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Almost all old S Pens work with the S21 Ultra.
The most satisfying thing about the Samsung Galaxy S21 Ultra having S Pen functionality is that I’m not shackled to the spindly, miniaturized stylus of the Note. The difference between the full-sized S pen from the Galaxy Tab series and the fun-size stylus in the Note is night and day.
I often have an oddly visceral reaction to flimsy technology or anything that looks suspiciously like it will be the subject of several warranty emails to the manufacturer. This isn’t necessarily the Note stylus, but it’s close.
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I understand the design compromises that had to be made to fit a digital pen into a phone, and I commend Samsung for ever having the audacity to even try that, but the full-sized S Pen feels like a proper stylus.
The S Pen I borrowed from my Galaxy Tab S7+ makes that clear. The extra length and wider diameter removes the feeling of compromise in use, which is an important step for convincing your subconscious to remember to use it. And use it I have.
The Note S Pen (right) doesn’t feel as sturdy as the full-sized version.
The 120Hz, QHD+ display on the Samsung Galaxy S21 Ultra combines well with the low latency (9ms) S Pen, which results in an exceptionally smooth drawing experience. The soft nib glides nicely across the screen and registers your strokes almost instantly. You can see this is an area Samsung is experienced in.
Although I’m not necessarily convinced that super high resolutions and increasing pixel density is obviously visible on displays of this size, there’s no denying the artist experience on this phone looks excellent. If some of the big display numbers Samsung likes to boast about aren’t actually visible to the human eye, at least we know the device is delivering the best possible screen experience our eyes can handle.
The low latency makes drawing on the S21 Ultra fun.
Drawing is the clear beneficiary of the low latency and high specification display. I’m not good at sketching and I get little joy from an hour-long activity that only reminds me of my lack of ability. But the quality of the tools made the activity fun. I’ve spent a good few hours on Samsung’s Pen Up app (which helps amateurs learn to draw) picking up some skills and enjoying the process.
Pen Up’s live drawing feature lets you gradually trace other people’s artwork in order to learn about pen strokes and dexterity. Here’s my attempt at a crab (right) next to the professional version (left). Disclaimer: I have a shellfish allergy which is why my picture of a crab is bad.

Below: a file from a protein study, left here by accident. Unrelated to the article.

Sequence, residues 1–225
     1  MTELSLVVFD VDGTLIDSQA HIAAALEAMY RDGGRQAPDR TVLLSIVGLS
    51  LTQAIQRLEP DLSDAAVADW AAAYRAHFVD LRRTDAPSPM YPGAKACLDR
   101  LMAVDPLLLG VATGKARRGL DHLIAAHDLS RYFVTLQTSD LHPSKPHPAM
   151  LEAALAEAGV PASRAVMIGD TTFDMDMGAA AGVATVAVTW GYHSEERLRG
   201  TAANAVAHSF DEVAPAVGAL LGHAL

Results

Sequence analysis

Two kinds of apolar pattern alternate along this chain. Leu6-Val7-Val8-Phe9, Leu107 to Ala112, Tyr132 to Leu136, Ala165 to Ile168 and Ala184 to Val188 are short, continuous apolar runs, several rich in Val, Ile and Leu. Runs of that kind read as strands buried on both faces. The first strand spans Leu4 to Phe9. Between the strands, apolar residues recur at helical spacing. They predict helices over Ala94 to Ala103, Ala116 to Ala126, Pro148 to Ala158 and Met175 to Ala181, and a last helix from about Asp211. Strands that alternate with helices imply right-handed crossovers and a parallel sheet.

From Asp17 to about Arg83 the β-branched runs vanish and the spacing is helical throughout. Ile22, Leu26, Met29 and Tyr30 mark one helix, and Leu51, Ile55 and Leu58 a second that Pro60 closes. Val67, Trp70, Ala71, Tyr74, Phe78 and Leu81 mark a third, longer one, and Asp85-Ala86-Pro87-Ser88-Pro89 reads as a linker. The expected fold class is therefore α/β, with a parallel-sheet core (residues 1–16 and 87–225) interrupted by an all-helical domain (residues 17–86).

Mario Crab Vs. Wario Crab (my attempt on the right).
What works well here is the palm rejection technology, which means I can get in close and rest my palm on the screen without giving the phone confusing signals. The magnify option in the Air Commands menu–that enhances any portion of the screen the pen is hovering over–really helps with seeing how bad my free-hand straight lines are. It’s reasonably seamless too. When the phone recognizes the Pen is within pointing range, a translucent Air Commands menu appears and offers several quick S Pen functionality options.
Where the S Pen really shines, though, is with Adobe Lightroom. I now realize it’s not possible to use Lightroom in any meaningful way without the precision and dexterity of a pen tip because picture editing deals in specifics.
Adjusting the highlights, shadows and tilting the image slightly all requires exact precision that can’t be achieved with your fingertip. This is one of the main reasons I dodge any serious picture editing on my phone (aside from a lack of ability), but the stylus enhances the experience to the point it’s a clear necessity.
Adobe Lightroom is much easier to use with a stylus.
The downside is how fiddly this all is. The big expansive canvas of a tablet is truly suited to digital pen use, whereas a phone feels cramped and unsteady. You need a table, a big screen and somewhere to rest your elbow to get the most out of creating with a digital pen.
Sitting on the sofa and stabbing a small screen just isn’t the same. Note taking is a casualty of this. Predictive text will always be faster than trying to minimize your handwriting to fit on a small screen, particularly if you’re in a rush. If you’ve ever had to sign for a delivery on a digital surface with your finger, and just ended up scribbling some nonsense, then you’ll know what I’m talking about. Note taking with a stylus isn’t much different. It’s just as wild and erratic.
Air Actions from the Note 10 and Galaxy Tab series, which lets users control their phone by swiping in the air with the S Pen, isn’t available because it requires a Bluetooth connection, nor is using the S Pen as a remote button that can be mapped for things like taking pictures. However, there will be an S Pen pro that adds this functionality at some point in the future. The option to map the button to switching brushes, or whatever creative tool you need, would be welcome.
Precise actions required in editing apps, drawing and drawing-adjacent activities (annotating screenshots for example) is where the S Pen on the Galaxy S21 Ultra shines for me. This is aided by a larger stylus, which is why I’m happy to have a larger pen-holding case rather than a special port inside the phone to hold a miniaturized digital pen. If you’re going to do the whole stylus thing, do it properly.
I’m a London-based freelance journalist who specializes in all aspects of technology including reviews, investigations, comment and news. I’m a recovering founder of the